Alf Cengia does not understand the prewrath view nor the meaning of parousia. He writes:
“Charles Cooper (taking Van Kampen’s view) speaks of multiple comings in his prewrath view. But he refuses to acknowledge the case while insisting that it is a single parousia coming.” Source: https://www.facebook.com/groups/scripturally.speaking/
The second coming (parousia; the plural in Greek is parousiai) is an extended event when God will fulfill various purposes through his Son. Jesus’s first coming lasted over thirty years, beginning with his arrival of his birth and ending with his ascension.
Likewise, when Jesus returns for a second time, he will fulfill many purposes, the major events, including the rapture and resurrection and then the pouring out of God’s wrath, the deliverance of Israel, and the culmination of his rule in the millennial kingdom.
One of the many events during the second coming is depicted in Revelation 19 where after Jesus having been involved with the earthly judgments, he will retrieve his heavenly armies for the battle of Armageddon. Alf Cengia misunderstands this as a completely different Parousia in itself! Instead, it is only one event of many within the larger, extended second coming of Jesus.
I suspect Cengia is under the mistaken understanding that if Jesus removes his feet from earth for a particular purpose (such as retrieving his heavenly army) then that must somehow terminate his current parousia. That is where his literalistic claim—and misunderstanding of the use of the Greek word parousia—fails.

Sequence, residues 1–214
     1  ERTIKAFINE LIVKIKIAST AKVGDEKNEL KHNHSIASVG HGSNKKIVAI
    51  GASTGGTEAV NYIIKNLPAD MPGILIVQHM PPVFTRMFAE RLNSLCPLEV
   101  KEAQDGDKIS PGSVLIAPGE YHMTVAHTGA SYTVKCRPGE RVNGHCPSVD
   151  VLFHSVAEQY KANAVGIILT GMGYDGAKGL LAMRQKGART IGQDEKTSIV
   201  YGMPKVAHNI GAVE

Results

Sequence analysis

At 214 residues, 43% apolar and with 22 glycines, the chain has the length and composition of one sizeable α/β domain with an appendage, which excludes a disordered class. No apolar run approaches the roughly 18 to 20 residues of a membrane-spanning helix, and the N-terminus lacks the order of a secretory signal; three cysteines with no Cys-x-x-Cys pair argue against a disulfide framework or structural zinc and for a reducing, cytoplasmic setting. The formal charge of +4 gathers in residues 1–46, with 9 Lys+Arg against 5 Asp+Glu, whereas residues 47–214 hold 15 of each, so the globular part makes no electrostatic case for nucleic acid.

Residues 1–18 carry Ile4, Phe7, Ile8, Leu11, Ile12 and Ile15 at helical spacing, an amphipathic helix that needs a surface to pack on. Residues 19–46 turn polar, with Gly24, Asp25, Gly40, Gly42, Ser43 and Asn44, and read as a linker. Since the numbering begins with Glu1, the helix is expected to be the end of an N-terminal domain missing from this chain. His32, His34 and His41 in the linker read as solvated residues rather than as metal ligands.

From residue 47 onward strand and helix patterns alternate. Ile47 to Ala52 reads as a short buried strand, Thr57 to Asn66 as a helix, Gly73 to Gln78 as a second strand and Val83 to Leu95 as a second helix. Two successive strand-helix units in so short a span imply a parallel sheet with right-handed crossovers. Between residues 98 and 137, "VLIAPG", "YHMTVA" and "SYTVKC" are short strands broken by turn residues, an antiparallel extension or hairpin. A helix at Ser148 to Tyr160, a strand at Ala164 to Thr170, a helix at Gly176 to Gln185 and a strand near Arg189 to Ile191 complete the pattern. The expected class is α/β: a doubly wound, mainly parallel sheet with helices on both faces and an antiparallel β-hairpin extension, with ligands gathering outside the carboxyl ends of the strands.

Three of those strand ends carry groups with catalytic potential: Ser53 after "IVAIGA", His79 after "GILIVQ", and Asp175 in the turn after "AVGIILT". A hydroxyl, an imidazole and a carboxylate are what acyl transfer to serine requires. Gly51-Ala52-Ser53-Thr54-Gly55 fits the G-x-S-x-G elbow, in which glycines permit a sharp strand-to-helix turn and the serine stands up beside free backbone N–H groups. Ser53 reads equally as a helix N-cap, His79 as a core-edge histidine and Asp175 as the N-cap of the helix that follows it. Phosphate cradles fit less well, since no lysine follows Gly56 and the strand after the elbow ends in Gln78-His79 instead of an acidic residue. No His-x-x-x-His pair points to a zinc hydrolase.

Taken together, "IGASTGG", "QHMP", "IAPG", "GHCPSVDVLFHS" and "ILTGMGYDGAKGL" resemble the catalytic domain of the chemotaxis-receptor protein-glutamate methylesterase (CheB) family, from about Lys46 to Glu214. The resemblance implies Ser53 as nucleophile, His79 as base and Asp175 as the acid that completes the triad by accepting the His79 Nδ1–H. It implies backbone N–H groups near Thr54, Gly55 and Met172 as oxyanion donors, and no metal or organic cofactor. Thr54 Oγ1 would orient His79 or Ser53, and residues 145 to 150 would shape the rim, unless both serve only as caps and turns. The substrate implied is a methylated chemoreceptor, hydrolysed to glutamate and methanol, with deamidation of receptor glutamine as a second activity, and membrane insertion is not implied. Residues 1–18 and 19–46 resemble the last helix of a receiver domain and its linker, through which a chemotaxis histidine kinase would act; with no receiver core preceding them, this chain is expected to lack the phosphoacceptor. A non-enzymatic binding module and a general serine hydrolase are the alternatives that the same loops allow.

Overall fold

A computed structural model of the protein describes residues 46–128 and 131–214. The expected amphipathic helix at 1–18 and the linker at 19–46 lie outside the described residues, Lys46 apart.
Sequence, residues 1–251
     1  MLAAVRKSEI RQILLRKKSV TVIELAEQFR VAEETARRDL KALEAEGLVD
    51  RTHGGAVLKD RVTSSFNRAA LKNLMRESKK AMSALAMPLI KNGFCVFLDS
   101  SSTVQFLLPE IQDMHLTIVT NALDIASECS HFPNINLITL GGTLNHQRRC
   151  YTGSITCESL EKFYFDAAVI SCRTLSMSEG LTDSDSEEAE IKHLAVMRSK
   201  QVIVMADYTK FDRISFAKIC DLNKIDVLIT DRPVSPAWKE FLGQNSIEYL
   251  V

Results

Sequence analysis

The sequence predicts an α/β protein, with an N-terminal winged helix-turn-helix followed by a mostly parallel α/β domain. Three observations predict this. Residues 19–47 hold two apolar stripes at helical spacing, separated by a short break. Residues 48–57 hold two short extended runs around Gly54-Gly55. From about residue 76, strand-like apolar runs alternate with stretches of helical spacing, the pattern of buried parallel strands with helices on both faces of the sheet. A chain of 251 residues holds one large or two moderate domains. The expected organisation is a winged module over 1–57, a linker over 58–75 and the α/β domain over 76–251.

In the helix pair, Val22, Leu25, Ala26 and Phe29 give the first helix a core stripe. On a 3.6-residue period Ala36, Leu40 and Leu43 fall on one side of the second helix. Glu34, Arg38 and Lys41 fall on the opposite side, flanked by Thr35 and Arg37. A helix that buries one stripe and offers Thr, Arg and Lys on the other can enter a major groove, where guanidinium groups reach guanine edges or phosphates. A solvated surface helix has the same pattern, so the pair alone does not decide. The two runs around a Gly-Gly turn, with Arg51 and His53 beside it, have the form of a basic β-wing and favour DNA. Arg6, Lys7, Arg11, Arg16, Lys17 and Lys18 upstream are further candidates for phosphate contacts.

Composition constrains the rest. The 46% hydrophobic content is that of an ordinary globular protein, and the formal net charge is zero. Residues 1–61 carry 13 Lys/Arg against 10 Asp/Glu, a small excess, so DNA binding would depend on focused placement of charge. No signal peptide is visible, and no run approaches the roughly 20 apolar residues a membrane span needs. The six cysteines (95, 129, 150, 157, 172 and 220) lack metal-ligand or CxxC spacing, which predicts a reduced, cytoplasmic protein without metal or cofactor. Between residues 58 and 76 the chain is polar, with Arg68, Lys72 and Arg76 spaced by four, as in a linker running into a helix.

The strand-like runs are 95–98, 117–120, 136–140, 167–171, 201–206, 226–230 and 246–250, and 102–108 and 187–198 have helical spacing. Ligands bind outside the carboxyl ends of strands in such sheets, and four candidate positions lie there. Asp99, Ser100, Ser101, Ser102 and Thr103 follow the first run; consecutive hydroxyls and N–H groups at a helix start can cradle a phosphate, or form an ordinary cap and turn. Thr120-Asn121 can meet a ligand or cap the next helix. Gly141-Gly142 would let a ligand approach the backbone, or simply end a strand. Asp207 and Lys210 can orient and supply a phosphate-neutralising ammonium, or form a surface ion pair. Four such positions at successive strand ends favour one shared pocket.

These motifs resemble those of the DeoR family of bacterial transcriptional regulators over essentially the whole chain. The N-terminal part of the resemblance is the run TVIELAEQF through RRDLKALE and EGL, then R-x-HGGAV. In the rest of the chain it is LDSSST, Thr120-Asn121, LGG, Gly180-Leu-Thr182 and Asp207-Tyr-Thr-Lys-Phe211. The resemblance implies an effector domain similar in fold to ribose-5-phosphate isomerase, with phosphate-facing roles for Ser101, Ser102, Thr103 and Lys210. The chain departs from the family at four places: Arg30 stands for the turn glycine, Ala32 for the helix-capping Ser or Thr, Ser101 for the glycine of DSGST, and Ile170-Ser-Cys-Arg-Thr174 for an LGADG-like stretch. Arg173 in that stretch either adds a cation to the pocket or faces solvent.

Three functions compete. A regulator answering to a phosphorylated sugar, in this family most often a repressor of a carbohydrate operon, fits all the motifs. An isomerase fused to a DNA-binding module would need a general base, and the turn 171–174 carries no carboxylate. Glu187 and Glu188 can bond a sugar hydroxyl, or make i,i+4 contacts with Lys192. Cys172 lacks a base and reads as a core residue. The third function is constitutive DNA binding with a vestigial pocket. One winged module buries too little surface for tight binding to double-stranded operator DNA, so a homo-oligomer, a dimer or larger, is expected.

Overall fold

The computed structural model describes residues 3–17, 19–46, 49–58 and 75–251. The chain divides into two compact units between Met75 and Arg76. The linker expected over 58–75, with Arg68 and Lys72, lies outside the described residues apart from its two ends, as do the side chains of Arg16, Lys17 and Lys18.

First, if Jesus must be physically on earth alive to be considered a Parousia, then that contradicts Paul’s teaching in 1 Thess 4:15–17 where Paul explicitly states that his parousia begins in the air—not the earth. Not to mention, just after the second coming (parousia) begins, he will escort the church to heaven before the his Father.
Second, applying Cengia’s logic, when Jesus came back to life after his death during his resurrection, the time between his resurrection and the ascension initiated a second coming!
Third, to use an absurd illustration to make the point: if Jesus exercised by jump roping one hundred times by lifting his feet off the ground, then there must have been one hundred comings (parousiai) of Jesus.
Fourth, it is Cengia who actually believes in two future comings (parousiai) of Christ.
He believes that Paul’s mention of parousia occurs before the seven year period:
“For we tell you this by the word of the Lord, that we who are alive, who are left until the coming [parousia] of the Lord, will surely not go ahead of those who have fallen asleep.” (1 Thess 4:15)
And he believes that Jesus’s mention of parousia begins at the end of the seven year period:
“For just like the lightning comes from the east and flashes to the west, so the coming [parousia] of the Son of Man will be. Wherever the corpse is, there the vultures will gather. Immediately after the suffering of those days, the sun will be darkened, and the moon will not give its light; the stars will fall from heaven, and the powers of heaven will be shaken. Then the sign of the Son of Man will appear in heaven, and all the tribes of the earth will mourn. They will see the Son of Man arriving on the clouds of heaven with power and great glory. And he will send his angels with a loud trumpet blast, and they will gather his elect from the four winds, from one end of heaven to the other.” (Matt 24:27–31)
Prewrath, on the other hand, rightly believes that Paul and Jesus are speaking of the same, single future coming (parousia), an extended, complex-whole event where God will fulfill many purposes—the same idea with Jesus’s first parousia during his earthly ministry. It is therefore pretribulationists who wrongly believe in future multiple parousiai of Jesus.